Document belonging to the Greek Mythology Link, a web site created by Carlos Parada, author of Genealogical Guide to Greek Mythology
Characters • Places • TopicsImagesBibliographyPDF Editions
AboutCopyright © 1997 Carlos Parada and Maicar Förlag.

Pandora 1

Pandora 1 and the box (said to have been a jar). 7718: John Gibson 1790-1866: Pandora (marble). Victoria and Albert Museum, London.

"Son of Iapetus, surpassing all in cunning, you are glad that you have outwitted me and stolen fire—a great plague to you yourself and to men that shall be. But I will give men as the price for fire an evil thing in which they may all be glad of heart while they embrace their own destruction." (Zeus to Prometheus 1. Hesiod, Works and Days 54).

Pandora 1, the first woman, was so called because each of the OLYMPIANS gave a gift to make her complete. Before her there was no womankind.

Modelling Pandora 1

This is what Zeus conceived in order to punish Prometheus 1, who had tricked the god for the benefit of mankind: Zeus bade Hephaestus mix earth with water, and having made the form of a sweet, lovely woman, with the face of a goddess, to put in it a human voice. When Hephaestus had moulded the clay in the likeness of a maid, Athena clothed her and provided her with fine manners, teaching her needlework, and the weaving of webs. Thereafter the other OLYMPIANS gave each a gift: Aphrodite shed grace upon her head, and Hermes put in her speech, a shameless mind, and a deceitful nature. The CHARITES and Peitho 1 (Persuasion) put necklaces of gold upon her, and the HORAE crowned her head with flowers. And when the work of the gods was completed, they called the lovely woman they had made Pandora, since she received gifts from all the gods.

Caja es tinaja

Quien Epimeteo adora
y que otrora abri├" una caja
es la famosa Pandora,
mas la caja es tinaja.

All├ş la esperanza mora
y no se ve la ventaja
de que la llamen ahora,
con distracci├"n, una caja.

La esperanza bien trabaja
y con empe├▒o avizora,
mas ignora a quien ultraja
la tinaja de Pandora.

C. Parada

The jar

This living jewel, with garlands about her head and a golden crown made by Hephaestus, was sent to Epimetheus, who was notorious for having no foresight, and always think, not before but afterwards. And although he had been warned by his brother Prometheus 1 never to take a gift from Zeus, when Hermes came with the girl, Epimetheus accepted the gift, understanding its meaning only later. For it is told that until that time men lived free from ills, toil, and sicknesses. But Pandora 1 opened a jar containing all evils, and scattered them everywhere (except Hope that remained inside by the will of Zeus). And ever since those evils have afflicted mankind as a reminder that there is no way to escape the will of Zeus.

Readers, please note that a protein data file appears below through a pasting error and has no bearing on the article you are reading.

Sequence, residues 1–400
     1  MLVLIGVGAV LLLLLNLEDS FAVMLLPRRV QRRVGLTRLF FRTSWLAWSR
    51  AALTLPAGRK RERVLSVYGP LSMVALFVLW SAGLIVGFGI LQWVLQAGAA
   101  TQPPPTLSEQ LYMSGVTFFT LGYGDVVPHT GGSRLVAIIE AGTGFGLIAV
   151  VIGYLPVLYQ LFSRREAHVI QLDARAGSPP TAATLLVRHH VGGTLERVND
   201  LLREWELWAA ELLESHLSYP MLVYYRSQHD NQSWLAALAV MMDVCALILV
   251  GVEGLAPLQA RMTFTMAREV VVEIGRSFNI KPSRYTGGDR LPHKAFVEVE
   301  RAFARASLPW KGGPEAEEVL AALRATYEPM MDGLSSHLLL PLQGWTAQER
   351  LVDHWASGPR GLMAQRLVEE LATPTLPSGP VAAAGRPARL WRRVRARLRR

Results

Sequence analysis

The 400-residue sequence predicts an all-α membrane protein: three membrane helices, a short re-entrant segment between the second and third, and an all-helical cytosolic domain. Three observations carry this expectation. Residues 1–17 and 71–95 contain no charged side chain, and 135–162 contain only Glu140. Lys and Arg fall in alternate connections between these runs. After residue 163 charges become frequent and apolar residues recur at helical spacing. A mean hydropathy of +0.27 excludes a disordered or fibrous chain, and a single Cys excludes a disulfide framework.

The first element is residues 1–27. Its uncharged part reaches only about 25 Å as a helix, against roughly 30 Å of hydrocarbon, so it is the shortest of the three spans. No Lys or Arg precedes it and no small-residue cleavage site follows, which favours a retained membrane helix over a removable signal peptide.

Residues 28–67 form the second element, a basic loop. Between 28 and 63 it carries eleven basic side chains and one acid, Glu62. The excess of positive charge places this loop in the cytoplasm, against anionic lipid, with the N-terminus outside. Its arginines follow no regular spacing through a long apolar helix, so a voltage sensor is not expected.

The race of Pandora 1

The female race that originated with Pandora 1 has been called "deadly." And it is said that women live among men to their great trouble, being helpful only in wealth but not in poverty. To this evil, Zeus added a second one to cause regret regardless of the choice: For if a man refuses to marry in order to avoid the sorrows caused by women, then he reaches Old Age without anyone to tend his years, and leaves his wealth to strangers. But if marriage is chosen, then he may have mischievous children, living with unceasing grief that cannot be healed. This kind of view was shared, many years later, by Theseus' son Hippolytus 4, known for hating women. This young man believed that women are a curse to the human race, and that it would have been a much better heavenly plan to let men buy their sons from the gods, paying their weight in bronze, iron, or gold. For marriage, he believed, consists in supporting a stranger, who usually squanders the family fortune, spending in gowns and other beautiful items that she heaps on her hatefulness. And the more clever the woman, the worse, he thought, for the sexual urge breeds wickedness more readily in clever women. However, it is also said that Pandora 1 was not a curse sent from heaven, but that she, endowed with all kinds of gifts, was given by the gods to men because they wished to show all mortals that they could do even better than Prometheus 1, who had given them fire.

Another with identical name

Pandora 2 is a daughter of Deucalion 1 and Pyrrha 1.






Fashioned by the OLYMPIANS


Pyrrha 1

Scatter-brained Epimetheus is the brother of Prometheus 1, boths sons of the Titan Iapetus 1.

Pyrrha 1 married Deucalion 1, the son of Prometheus 1, and together with her husband survived the Flood.

Related sections The Era of Zeus, Prometheus 1, The Ages of the World, Epimetheus (one-act play) 

Apd.1.7.2; Hes.WD.60ff.; Hes.The.561ff.; Nonn.7.58; Pau.1.24.7.